By Thea Skinner
Triplicate staff writer
How the Del Norte Local Commission will use $1 million or more in funds remains uncertain. The agreed to postpone action and put efforts toward preparation for highway improvements.
Commissioners considered updates to several infrastructure issues. With looming safety concerns centered around improving conditions along Hwy. 199 and Hwy. 197, a Transit Emergency Preparedness Plan was also discussed.
The original plan was to send people outside the city for the Transit Emergency Preparedness Training, Commission Director Tamera Buchanan said.
Instead, the first phase of emergency training is occurring this week within the city.
"We have 20 people signed up," Buchanan said.
The committee will look into a plan to communicate emergency preparedness in coming years.
An Overall Work Program involving the Transit Development Plan, which includes Hwy. 199 and Hwy. 197, was set aside for a year to create a complete report.
The Transportation Commission Staff report states that a Caltrans auditor recommended the one-year hold.
"There may be a call to put together a document for community emergency preparedness and to make functional use of our emergency documents," Buchanan said.
"We are considering a two-year process that will potentially meet the needs of people (in the community such as the) dial-a-ride service" she said.
Commissioner Mike Sullivan said he was excited to hear about the "great" progress.
"This is going to address the needs of disabled people anywhere from Oregon to Crescent City," he said.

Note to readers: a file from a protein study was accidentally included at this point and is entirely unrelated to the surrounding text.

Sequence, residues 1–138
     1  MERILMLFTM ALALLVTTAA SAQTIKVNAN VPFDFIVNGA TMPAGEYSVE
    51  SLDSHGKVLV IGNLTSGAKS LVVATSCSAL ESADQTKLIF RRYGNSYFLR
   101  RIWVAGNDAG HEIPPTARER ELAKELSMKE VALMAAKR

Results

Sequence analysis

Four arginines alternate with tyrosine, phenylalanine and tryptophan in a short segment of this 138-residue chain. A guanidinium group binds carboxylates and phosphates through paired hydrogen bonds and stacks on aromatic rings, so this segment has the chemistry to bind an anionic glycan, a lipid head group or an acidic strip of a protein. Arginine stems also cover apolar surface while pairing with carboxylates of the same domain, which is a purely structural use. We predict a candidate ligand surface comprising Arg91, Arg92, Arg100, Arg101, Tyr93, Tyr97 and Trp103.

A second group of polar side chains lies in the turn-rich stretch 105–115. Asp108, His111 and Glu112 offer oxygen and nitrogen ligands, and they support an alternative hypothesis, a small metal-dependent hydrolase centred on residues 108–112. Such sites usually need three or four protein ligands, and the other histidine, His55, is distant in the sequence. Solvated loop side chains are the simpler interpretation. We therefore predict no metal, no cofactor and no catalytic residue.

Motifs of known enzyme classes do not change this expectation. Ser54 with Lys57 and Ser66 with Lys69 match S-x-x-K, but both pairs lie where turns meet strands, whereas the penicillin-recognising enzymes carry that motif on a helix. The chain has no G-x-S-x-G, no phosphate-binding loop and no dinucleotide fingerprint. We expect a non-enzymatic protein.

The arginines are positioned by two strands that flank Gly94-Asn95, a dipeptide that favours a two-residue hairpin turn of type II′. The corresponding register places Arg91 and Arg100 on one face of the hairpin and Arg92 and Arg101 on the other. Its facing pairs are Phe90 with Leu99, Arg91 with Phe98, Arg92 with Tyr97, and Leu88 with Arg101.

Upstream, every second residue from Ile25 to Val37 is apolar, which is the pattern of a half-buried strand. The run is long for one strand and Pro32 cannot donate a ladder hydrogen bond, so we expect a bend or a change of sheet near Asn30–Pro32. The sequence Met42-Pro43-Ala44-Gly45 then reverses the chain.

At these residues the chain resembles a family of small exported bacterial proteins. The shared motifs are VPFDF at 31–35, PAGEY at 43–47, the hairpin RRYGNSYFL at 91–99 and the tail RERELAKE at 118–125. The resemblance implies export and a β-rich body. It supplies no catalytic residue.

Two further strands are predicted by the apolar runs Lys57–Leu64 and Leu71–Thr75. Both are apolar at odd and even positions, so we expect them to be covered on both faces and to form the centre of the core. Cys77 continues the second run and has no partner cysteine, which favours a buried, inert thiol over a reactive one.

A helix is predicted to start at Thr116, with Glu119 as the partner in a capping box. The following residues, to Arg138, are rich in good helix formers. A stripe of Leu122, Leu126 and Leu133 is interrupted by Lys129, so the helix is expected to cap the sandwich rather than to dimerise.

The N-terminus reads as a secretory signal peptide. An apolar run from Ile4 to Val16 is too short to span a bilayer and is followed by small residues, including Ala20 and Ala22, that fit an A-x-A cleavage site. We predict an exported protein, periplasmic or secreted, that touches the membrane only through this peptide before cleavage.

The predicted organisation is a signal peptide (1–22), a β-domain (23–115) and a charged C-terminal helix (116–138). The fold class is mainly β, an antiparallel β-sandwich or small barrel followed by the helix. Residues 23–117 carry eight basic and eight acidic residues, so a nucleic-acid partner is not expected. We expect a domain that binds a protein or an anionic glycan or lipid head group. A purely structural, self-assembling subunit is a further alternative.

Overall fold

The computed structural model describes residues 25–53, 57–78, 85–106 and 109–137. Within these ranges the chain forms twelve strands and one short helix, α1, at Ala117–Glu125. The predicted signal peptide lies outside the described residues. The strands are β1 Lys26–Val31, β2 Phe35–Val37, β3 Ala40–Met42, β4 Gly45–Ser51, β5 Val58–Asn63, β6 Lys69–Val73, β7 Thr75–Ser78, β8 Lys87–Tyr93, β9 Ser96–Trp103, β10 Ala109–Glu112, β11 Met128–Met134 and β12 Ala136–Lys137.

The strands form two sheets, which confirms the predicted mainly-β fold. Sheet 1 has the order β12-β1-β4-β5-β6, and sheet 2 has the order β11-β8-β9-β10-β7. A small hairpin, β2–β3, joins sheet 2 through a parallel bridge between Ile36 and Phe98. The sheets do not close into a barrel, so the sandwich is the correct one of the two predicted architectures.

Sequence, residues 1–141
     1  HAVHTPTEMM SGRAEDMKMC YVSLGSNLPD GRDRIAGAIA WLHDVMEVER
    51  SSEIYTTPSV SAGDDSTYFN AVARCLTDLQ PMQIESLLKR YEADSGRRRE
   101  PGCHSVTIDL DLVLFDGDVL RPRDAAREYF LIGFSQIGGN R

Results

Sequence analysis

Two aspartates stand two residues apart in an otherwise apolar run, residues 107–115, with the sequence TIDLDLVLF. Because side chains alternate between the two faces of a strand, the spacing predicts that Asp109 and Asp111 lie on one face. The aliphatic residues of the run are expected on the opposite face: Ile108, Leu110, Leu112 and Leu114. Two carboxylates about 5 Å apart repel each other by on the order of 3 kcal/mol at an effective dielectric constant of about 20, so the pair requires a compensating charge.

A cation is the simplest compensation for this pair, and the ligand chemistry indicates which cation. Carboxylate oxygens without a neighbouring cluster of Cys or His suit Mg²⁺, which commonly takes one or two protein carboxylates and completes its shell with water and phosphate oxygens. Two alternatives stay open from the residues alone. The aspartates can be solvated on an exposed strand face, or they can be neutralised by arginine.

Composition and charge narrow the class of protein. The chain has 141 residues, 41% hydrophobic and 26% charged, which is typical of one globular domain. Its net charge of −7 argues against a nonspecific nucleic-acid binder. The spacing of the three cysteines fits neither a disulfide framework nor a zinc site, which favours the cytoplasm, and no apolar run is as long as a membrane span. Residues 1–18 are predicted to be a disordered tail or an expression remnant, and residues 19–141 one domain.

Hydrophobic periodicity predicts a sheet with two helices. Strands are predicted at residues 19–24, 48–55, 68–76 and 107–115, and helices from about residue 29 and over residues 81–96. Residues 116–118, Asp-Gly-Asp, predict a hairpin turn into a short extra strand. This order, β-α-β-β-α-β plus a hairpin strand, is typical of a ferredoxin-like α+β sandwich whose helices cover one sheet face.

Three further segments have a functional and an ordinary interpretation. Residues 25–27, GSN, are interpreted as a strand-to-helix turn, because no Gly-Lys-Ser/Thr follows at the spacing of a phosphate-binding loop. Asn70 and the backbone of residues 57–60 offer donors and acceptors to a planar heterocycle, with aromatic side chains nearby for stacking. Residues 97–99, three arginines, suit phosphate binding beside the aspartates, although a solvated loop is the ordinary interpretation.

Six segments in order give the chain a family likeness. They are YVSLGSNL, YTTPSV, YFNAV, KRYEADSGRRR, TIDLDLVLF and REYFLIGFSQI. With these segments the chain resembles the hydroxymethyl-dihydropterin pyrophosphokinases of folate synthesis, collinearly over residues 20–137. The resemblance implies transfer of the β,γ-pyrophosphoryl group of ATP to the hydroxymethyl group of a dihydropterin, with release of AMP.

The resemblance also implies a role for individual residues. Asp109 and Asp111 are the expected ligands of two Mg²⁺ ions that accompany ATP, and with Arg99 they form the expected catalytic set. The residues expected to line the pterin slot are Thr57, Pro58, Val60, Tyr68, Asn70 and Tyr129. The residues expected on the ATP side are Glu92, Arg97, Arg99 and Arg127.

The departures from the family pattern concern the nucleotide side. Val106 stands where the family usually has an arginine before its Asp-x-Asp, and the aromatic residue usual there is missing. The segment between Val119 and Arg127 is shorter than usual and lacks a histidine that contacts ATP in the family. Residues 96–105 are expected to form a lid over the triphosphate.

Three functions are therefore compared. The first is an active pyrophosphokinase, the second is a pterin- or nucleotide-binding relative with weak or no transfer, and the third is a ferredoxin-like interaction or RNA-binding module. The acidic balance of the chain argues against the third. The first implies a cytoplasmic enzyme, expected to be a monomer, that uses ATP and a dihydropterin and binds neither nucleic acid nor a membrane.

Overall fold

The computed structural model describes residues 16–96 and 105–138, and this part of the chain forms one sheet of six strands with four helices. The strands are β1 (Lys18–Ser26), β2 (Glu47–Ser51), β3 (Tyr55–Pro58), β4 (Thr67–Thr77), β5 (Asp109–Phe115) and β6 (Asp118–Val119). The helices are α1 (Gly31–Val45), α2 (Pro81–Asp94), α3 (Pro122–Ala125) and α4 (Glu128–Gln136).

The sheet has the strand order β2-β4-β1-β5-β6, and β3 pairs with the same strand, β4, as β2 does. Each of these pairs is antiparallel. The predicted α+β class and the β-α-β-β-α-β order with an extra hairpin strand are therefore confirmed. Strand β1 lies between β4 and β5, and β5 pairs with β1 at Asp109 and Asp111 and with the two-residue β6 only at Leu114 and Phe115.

A feasibility study will determine where the money will go. Such a study could be a population survey that analyzes demographics.
Sullivan noted that Caltrans once said that a questionable bridge on Hwy. 199 was not eligible for funding.
Still, a draft action plan submitted to the commissioners about the two highways' corridors indicates otherwise.
The report states, "Highway Bridge Rehabilitation Replacement Program funding is a potential source."
The program "was done for local roads not highways," Hill Darron, Caltrans chief of local assistance and regional planning, said.
Caltrans will re-evaluate the bridge. Although demonstration dollarstechnically called high priority program fundsexist to fund the highway projects, the the one-year period will allow for the re-evaluation.
The commission accepted the to-be-determined corrections to their position that will be reflected as an evolving document.
The commission's position will later go to a Route Review Committee that will meet in August.
The committee will initiate Native American consultation and collaboration for a regional transportation plan.
The plan is 70 percent complete at this time, according to Buchanan.
"Draft documents are coming through at this time," she said. "City and county has been thoroughly involved and engaged. Because we use 100 percent of our transportation dollars on transportation, we may not need to do this."
The Yurok Tribe has a tribal commission plan, but Buchanan wants to hear from other tribes as well.